SHE works through private entities, governments and local NGOs to establish the sustainable distribution of solar ovens. SHE provides training of local instructors who in turn train others – the “cascade” effect. Base line surveys are conducted before and evaluations undertaken after distribution to measure success.
To view SHE’s video promoting solar cooking in Mexico’s Sierra Gorda biosphere click here (( video coming soon… ))
SHE provides technical and, on occasion, financial support for these projects to insure their success.
Evaluation of Results
To measure the permanence of a distribution project an evaluation of the solar cooker is conducted. This evaluation includes site visits, record keeping on incidence of use and refresher training when needed. For a report on evaluations of previous projects click here.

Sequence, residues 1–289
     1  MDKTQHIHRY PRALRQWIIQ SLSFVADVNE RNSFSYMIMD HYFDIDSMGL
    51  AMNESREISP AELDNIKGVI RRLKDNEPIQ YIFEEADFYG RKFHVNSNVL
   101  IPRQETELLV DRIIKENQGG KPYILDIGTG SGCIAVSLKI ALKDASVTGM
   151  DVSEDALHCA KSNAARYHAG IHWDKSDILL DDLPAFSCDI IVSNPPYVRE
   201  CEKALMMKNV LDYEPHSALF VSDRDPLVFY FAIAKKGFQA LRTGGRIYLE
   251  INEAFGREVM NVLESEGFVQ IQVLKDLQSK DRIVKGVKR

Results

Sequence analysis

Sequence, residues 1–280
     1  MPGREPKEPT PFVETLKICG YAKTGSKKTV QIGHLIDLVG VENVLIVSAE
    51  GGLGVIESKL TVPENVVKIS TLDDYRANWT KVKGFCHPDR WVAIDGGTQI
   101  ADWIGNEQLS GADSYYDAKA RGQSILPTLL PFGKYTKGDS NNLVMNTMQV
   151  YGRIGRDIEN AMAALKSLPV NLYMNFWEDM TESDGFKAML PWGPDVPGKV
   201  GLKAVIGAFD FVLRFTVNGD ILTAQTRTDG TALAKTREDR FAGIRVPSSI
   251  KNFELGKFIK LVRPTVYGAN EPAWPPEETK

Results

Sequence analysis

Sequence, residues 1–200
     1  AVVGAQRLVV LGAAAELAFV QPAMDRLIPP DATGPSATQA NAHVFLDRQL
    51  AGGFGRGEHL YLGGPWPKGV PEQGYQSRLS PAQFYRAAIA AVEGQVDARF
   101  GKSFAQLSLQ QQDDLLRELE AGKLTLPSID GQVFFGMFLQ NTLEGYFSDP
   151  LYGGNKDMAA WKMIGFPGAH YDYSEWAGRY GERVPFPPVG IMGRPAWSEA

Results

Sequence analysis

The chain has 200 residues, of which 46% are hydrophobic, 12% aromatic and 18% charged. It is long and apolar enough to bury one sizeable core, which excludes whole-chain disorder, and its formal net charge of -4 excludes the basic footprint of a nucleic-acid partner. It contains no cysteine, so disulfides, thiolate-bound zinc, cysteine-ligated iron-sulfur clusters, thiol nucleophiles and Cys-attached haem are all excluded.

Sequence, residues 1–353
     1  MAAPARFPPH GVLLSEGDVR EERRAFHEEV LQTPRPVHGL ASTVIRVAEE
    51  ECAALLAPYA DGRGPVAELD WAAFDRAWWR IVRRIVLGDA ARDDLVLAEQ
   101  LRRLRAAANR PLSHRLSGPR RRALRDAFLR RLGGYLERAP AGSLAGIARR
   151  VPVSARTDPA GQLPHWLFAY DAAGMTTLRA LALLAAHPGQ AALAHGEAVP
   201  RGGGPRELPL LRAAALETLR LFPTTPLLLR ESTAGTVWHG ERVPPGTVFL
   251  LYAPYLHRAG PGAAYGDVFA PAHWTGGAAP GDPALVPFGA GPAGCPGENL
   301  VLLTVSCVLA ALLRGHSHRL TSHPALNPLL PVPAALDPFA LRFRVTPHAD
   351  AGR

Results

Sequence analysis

The story of Norma Lupe, in Oaxaca, Mexico, illustrates why the HotPot solar oven is a good investment. To cook food for her family of five, Norma Lupe alternates fuel. Sometimes she uses bottled gas at a cost of 80 cents per day, sometimes she uses fuel wood which she either buys or gathers herself. The choice between gas and wood presents a dilemma since gas is easier to use than wood, but more expensive—it consumes nearly 10 percent of Norma’s basic income. While wood is cheaper, it is more cumbersome to use, emits dense smoke and occasionally burns young children. In addition, foraging for fuel wood causes environmental damage. Furthermore, it is increasingly time-consuming as Norma must walk further and further to find it.
In May, 2003, Norma participated in a free trial of the HotPot solar oven, and quickly became an enthusiastic student of solar cooking. By the second day, she cooked dinner for her entire family and proceeded to bake four cakes, all with her new HotPot. The HotPot opens a new era for low-income women like Norma. She will now be able to protect the health of her family, save money on fuel and enjoy freedom from cooking the old fashioned way.